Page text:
Myosotis (Forget Me Not; Scorpion Grass)

Hailing from the Borage plant family, Myosotis is a genus made up of 74 accepted species, though there are easily more than 500 different names.

Some of these are synonyms of the accepted species, while others are waiting to be confirmed.

The majority of Forget Me Nots come from Europe and Asia, and New Zealand, though you can find others in parts of the Americas. 

All plants in this genus feature five petals, and five sepals, in vivid shades of blue, but they can also be white or even pink, depending on the variety.

At A Glance: What You Should Know About Scorpion Grass

A popular ornamental plant across the globe, scorpion grass will thrive pretty much anywhere you plant it, and a few places that you don’t!

In some myosotis varieties, the yellow ‘eye’ at the center of each bloom changes color.

It acts as a great big ‘OPEN’ sign to the bees and other pollinators, and once the flower has been pollinated, it fades to a beige, telling the bees that the nectar is gone.

This dainty-looking plant provides soft color and interest into any container, rockery, or border, self-seeding as it goes.  

While most species of Forget Me Not are not invasive, the true Forget Me Not, Myosotis scorpioides, or scorpion weed, is an introduced species in the US, and is aggressive.

Myosotis Name Origin

The genus name, Myosotis, is of Greek origin. It comes from the Ancient Greek word μυοσωτίς, which translates to mouse ear, describing the shape of the leaves.

Myosotis Meaning And Symbolism

Myosotis in the language of flowers symbolizes true love, an enduring love which not even death can get in the way of, grace, hope, and eternity.

They also have some links to death and funerals, too. 

To discover the stories behind the common name, Forget Me Not, and the different symbolism behind the different colored Myosotis, visit Forget Me Not Flower Meaning

Uses of Forget Me Not

The alpine Forget Me Not, Myosotis asiatica, is believed to have beneficial properties as part of a poultice, to help bind wounds.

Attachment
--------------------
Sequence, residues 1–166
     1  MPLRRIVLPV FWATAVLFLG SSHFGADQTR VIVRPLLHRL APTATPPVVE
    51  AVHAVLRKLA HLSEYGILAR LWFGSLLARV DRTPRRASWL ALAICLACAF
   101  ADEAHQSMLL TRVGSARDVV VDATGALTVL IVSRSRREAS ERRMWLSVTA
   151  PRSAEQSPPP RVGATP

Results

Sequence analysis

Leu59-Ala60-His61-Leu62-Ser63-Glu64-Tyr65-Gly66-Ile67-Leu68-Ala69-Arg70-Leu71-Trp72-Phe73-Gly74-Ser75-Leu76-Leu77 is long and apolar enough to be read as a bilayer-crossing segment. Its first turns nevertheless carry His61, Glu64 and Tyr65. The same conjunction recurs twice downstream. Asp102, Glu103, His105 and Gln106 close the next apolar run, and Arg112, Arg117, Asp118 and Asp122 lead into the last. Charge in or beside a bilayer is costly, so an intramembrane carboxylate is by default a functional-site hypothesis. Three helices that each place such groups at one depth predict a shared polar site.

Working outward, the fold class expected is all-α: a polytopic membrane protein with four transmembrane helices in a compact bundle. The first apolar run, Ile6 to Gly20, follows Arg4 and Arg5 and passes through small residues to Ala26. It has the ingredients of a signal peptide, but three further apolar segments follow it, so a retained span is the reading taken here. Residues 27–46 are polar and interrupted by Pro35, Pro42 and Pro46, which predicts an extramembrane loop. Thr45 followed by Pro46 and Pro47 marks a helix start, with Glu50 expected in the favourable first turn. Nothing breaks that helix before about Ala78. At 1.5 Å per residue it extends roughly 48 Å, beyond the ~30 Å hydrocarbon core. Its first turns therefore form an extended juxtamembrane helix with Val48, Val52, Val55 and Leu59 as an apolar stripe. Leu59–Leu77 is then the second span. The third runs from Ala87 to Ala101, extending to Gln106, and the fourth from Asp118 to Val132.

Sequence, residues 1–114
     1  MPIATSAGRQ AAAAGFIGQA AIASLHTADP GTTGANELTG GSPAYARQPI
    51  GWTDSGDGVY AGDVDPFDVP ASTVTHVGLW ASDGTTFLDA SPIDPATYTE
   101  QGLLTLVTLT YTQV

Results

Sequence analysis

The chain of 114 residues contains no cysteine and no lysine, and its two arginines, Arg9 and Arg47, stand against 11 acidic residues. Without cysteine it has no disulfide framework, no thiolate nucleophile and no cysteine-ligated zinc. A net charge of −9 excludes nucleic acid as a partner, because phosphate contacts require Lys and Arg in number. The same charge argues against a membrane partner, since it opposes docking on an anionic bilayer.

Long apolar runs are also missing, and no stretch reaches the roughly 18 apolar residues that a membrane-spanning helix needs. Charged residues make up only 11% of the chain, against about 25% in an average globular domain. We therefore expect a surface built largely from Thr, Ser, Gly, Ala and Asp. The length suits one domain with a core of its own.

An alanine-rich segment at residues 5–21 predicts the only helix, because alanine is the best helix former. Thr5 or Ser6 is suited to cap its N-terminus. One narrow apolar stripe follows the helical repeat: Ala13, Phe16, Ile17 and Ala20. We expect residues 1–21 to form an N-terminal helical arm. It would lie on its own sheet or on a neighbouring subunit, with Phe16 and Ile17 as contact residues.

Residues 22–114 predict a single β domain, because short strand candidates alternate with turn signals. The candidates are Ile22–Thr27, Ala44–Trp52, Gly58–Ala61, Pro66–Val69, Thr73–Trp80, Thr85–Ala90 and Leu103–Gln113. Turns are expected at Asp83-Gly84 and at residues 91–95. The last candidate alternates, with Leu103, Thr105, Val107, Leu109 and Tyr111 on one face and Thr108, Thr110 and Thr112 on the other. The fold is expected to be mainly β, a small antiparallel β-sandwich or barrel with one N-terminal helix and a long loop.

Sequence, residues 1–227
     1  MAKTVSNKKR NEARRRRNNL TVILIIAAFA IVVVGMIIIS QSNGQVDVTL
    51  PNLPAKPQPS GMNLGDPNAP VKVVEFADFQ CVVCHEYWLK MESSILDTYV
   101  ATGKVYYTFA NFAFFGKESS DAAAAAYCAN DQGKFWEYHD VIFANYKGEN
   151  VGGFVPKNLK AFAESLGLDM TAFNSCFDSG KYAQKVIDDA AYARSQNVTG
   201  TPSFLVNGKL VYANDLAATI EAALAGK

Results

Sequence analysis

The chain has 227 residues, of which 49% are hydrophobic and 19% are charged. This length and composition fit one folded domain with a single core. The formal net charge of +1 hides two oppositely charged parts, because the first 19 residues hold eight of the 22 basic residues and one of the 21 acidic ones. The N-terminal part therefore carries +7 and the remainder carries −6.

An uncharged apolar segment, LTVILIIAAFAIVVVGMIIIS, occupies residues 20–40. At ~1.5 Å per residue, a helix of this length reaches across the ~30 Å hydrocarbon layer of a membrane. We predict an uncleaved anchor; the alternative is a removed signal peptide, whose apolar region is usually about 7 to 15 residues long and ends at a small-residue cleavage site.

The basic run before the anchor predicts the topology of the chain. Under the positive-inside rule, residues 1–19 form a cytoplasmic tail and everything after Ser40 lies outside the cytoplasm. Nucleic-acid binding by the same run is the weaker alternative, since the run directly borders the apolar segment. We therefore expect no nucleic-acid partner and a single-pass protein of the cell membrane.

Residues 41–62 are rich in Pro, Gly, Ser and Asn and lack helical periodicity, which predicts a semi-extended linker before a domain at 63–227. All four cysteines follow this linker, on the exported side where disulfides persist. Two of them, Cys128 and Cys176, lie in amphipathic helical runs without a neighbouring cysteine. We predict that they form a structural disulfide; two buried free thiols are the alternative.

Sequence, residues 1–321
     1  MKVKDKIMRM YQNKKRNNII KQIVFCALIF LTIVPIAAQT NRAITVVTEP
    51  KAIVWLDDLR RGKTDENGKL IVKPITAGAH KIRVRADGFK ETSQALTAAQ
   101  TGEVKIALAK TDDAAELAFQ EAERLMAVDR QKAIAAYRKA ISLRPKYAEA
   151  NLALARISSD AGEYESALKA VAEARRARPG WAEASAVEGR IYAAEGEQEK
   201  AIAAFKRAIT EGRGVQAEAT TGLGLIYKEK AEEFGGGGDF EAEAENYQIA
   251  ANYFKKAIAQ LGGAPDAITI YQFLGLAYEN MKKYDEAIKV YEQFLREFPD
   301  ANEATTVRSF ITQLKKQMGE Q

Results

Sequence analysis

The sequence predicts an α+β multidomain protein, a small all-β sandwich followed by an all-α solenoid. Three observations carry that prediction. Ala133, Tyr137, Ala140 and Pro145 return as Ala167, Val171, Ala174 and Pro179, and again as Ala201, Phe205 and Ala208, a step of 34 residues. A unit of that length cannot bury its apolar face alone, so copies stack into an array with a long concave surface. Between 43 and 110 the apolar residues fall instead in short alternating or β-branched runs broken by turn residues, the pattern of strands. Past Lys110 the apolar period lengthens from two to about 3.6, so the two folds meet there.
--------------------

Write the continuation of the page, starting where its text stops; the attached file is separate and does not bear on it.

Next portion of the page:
Some species contain essential oils which are believed to serve as an antidote for some poisons, but there isn’t a lot of evidence for this.

In traditional medicine, forget-me-nots have also been used to help treat eye complaints and respiratory issues.

Some Myosotis species also have applications in the cosmetic industry, too.

Forget Me Not Growing Conditions

Forget Me Not plants thrive in well-draining, damp soil. They do well in full sunlight or shade, making them perfect for filling in any gaps in your garden.

They are particularly good at filling darker corners of your garden with color, and their dainty appearance goes perfectly against the large foliage of hostas, for example.

Most types are biennial, and don’t suffer from any pests. You may see the occasional bout of powdery mildew after flowering.

Simply pull up any affected foliage to stop it spreading to neighboring plants.

While they look lovely as single flowers dotted across your garden, planting them in clumps allows them to really stand out, with the smaller varieties providing billowing color, and the larger types offsetting any plant in your garden.

These plants are fairly robust, and seeds can be sown directly into the soil once the risk of frost has passed, and they’ll flood your garden with color in the following year.

You can also divide them if you prefer to separate existing clumps.

For more on different varieties of Forget Me Nots, how to grow them, and common problems, check out our Forget Me Not Plant Care Guide

Leave a Comment

Be the first to join our brand NEW PLANTS & FLOWERS DISCUSSION GROUP on Facebook.Click Here